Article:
When it comes to making music, songwriters are often the unsung heroes. Aside from a mention in the song credits (not always a given) the authors of our favourite tunes rarely reach the limelight, whether they’d like to or not.
And it’s not just their identities that are well-hidden. The lack of transparency around how to build a successful songwriting career has helped create an industry that’s mostly male and predominantly white.
Female songwriters and composers currently make up less than 20 percent of PRS’ membership and those at the top of their game earn 67 percent less revenue for their music compared to their male counterparts.
This gender imbalance is no doubt worse for Black British female songwriters who, together with ethnic minority music employees, make up less than 12 percent of the industry’s workforce.
But things look set to change. PRS for Music recorded a 60 percent increase in its female membership in 2019, while the music industry has pledged to better support its Black employees following this year’s global Black Lives Matter protests.
To celebrate this sea change, here’s a rollcall of six UK Black female songwriters whose hits have shaped the soundtracks of our lives.
Dubbed the queen of ‘quiet storm’, Sade Adu is one of the finest British female vocalists of all time. Far less discussed though is her prowess as songwriter.
The lead singer of the eponymously named UK soul band co-wrote most of the group’s six studio albums, including their classic singles Your Love is King, Smooth Operator and By Your Side.
Part of Adu’s magic lies in her ability to present a multifaceted vision of love that sounds current while remaining true to the band’s soulful jazz roots. For example, the band’s 2009 trip-hop single Soldier of Love, a defiant declaration of post-love resilience which she partly wrote and produced bagged the group a Grammy Award for Best R&B performance and marked a highly successful end to their then 10-year hiatus.
Fans were given the chance to reconnect with Adu’s sublime penwomanship this year thanks to This Far, the band’s first complete album collection.
With a career spanning nearly 30 years, Michelle Escoffery pretty much wrote the book on how to write a hit song.
The award-winning singer-songwriter was one of only two female stock writers at EMI Music Publishing in the early 2000s and has worked with some of pop’s elite, including Tina Turner, Stevie Wonder and Rod Stewart.
Escoffery’s best known work is the 2002 chart-topping smash Just a Little by Liberty X. The song’s naughty lyrics and edgy pop-R&B flow earned Escoffery an Ivor Novello award and saw the band take home the Best British Single award at the 2003 Brits.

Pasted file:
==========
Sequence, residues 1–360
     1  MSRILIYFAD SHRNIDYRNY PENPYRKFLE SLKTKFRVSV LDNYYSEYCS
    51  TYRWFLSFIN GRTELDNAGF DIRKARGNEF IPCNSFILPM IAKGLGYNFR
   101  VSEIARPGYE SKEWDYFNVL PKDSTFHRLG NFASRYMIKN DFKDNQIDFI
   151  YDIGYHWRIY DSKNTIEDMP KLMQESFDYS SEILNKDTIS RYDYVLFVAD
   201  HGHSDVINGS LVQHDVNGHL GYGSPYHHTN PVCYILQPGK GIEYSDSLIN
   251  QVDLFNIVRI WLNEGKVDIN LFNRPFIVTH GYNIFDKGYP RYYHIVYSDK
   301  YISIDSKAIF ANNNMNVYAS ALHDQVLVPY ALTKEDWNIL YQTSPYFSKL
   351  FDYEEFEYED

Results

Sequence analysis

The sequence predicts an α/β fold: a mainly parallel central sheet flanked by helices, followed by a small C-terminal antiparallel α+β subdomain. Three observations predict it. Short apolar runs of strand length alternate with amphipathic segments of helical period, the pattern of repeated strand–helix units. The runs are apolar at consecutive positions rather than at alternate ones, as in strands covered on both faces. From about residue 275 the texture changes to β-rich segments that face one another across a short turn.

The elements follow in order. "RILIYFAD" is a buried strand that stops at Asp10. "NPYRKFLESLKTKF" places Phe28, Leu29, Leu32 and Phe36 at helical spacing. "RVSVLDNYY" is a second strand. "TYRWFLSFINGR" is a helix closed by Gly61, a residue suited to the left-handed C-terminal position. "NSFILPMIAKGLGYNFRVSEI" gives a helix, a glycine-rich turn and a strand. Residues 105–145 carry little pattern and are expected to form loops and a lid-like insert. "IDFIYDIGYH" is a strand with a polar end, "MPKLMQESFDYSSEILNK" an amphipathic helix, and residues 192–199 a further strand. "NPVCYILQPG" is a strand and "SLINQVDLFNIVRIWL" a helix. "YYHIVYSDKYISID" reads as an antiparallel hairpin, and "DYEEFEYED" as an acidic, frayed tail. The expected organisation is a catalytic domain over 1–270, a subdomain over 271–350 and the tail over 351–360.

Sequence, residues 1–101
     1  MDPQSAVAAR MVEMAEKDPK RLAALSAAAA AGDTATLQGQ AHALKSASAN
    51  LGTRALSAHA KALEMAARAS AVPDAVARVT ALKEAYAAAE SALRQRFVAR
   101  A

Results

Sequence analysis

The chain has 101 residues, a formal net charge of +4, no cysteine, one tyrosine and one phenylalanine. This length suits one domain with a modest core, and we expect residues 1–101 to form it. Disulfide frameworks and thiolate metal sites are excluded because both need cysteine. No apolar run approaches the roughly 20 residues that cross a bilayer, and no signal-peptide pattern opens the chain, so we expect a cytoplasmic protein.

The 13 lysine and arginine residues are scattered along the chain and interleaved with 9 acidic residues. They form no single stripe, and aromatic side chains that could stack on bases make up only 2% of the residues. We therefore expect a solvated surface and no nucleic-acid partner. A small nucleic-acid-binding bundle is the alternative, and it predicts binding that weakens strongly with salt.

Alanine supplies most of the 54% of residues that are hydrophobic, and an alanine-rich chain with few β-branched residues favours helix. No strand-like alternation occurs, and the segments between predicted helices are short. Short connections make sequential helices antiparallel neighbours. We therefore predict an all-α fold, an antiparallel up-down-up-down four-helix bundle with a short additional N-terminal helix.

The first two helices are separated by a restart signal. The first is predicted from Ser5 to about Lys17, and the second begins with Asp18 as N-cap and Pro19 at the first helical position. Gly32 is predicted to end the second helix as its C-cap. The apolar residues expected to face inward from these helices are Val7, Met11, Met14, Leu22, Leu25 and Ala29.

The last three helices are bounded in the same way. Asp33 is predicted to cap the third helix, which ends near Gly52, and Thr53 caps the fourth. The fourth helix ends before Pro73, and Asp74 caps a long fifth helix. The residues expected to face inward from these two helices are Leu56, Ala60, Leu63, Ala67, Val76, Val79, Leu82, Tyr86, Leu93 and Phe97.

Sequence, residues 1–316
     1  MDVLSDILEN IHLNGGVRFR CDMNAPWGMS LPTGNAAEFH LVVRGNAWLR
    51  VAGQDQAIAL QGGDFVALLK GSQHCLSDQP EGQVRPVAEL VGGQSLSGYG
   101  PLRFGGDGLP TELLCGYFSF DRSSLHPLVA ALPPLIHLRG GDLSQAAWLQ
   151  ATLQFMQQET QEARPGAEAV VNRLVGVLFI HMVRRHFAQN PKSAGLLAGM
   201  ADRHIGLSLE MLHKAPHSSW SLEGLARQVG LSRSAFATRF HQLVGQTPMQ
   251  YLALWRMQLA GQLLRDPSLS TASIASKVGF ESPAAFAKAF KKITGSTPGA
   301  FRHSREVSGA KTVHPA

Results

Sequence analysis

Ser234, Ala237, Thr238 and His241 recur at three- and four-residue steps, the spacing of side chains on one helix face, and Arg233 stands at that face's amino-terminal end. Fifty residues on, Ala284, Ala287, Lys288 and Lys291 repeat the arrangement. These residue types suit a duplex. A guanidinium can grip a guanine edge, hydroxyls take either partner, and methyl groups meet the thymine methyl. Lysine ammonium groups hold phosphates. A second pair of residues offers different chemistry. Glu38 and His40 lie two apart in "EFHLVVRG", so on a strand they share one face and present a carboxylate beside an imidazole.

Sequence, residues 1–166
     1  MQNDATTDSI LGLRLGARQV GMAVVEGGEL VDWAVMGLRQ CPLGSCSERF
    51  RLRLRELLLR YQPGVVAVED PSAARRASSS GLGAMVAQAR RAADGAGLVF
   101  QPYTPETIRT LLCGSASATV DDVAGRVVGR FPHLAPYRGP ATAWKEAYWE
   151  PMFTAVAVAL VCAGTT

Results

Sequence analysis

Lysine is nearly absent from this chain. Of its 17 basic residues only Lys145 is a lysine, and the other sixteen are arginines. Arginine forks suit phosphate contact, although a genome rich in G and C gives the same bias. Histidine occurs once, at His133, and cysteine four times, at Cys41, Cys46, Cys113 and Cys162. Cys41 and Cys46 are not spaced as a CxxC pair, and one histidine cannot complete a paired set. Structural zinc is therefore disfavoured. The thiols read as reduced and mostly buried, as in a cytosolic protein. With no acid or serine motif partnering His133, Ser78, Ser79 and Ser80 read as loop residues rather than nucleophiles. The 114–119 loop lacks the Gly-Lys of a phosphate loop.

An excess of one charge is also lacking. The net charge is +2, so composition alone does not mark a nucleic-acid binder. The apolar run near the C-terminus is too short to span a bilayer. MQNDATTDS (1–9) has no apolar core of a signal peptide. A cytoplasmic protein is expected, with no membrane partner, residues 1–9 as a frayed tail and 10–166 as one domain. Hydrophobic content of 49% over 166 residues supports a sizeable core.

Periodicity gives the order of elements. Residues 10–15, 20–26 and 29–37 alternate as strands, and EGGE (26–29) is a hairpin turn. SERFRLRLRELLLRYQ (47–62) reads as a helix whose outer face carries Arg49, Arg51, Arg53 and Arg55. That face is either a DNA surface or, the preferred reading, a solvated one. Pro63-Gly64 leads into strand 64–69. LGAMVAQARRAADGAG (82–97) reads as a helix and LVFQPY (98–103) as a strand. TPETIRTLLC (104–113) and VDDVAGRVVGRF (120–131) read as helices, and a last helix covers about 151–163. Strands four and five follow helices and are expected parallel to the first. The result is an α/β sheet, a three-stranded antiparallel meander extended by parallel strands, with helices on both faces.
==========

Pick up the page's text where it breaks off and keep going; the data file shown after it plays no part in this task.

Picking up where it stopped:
Still an active songwriter, Escoffery also uses her wealth of industry experience to inspire the next generation of music creators.
Carla Marie Williams
Hailing from North West London, Carla Marie Williams is one of a handful of UK songwriting superstars in her own right.
Williams started her career with UK pop hitmakers Xenomania where she racked up six UK top-10s, an Ivor Novello nomination and a Brit Award, writing hits for the likes of Britney Spears, Kylie Minogue and Girls Aloud.
However, it was William’s work on Freedom, Beyonce’s thundering rally cry from her iconic Lemonade album, which catapulted her to the global stage. Beyoncé invited Williams to contribute to the project following Carla’s work on Naughty Boy’s Runnin (Lose it All) which features vocals from the US megastar.
Carla now uses her platform to empower female creatives through her Girls I Rate movement which she founded in 2016
As one half of the UK neo-soul group Floetry, Liverpudlian Marsha Ambrosius wowed fans with her smooth soulful vocals and her ability to lyrically capture the complexities of love, lust and loss.
During her six years with bandmate Natalie Stewart, Ambrosius co-wrote their multi-Grammy-nominated debut album Floetic and collaborated with Michael Jackson on his last studio album Invincible, co-writing and providing backing vocals for his sensual R&B ballad Butterflies.
Since going solo, Ambrosius has written for Angie Stone, Alicia Keys and Solange; released three studio albums and received three more Grammy nominations – two of which were for the haunting single Far Away which details her real-life experience of losing a friend to suicide.
With 11 platinum singles, five UK number ones and over four billion streams to her name, former city stockbroker Camille ‘Kamille’ Purcell could be considered a songwriting unicorn.
As well as working with UK chart-toppers like Jess Glynne and Dua Lipa, the multi-award-winning songwriter is also the resident writer for pop starlets Little Mix. She’s written 22 of their tracks so far – including the ultimate boy bye anthem Shout Out to my Ex – helping cement the group’s position as leaders of the Girl Power 2.0 movement.
The secret to Kamille’s success? Empathy. ‘It’s often us moaning about exes... just venting. That’s my typical relationship with an artist, and it usually leads to a really good song,’ she said in a recent interview.
South London singer-rapper Ray BLK (real name Rita Ekwere) was the critics’ top pick for the 2017 BBC Sounds of list, thanks to her gritty take on inner-city life.
Ray’s critically-acclaimed 2016 EP Durt tackles tough social issues like teenage pregnancy (Baby Girlz), female sexual liberation (Chill Out) and the ups and downs of growing up in Catford (My Hood featuring man-of-the-moment Stormzy).
Empress, Ray’s most recent project, is an encouraging letter of positive affirmation for young women, urging them to never ‘settle for less’ in the acoustic title track, and letting them know it’s okay to be fiercely independent and future-focused in the gospel-inspired Got My Own and Don’t Beg.
And with a recent soundtrack credit for the UK coming-of-age film ROCKS and her first studio album about to drop, Ray’s future looks all the more bright.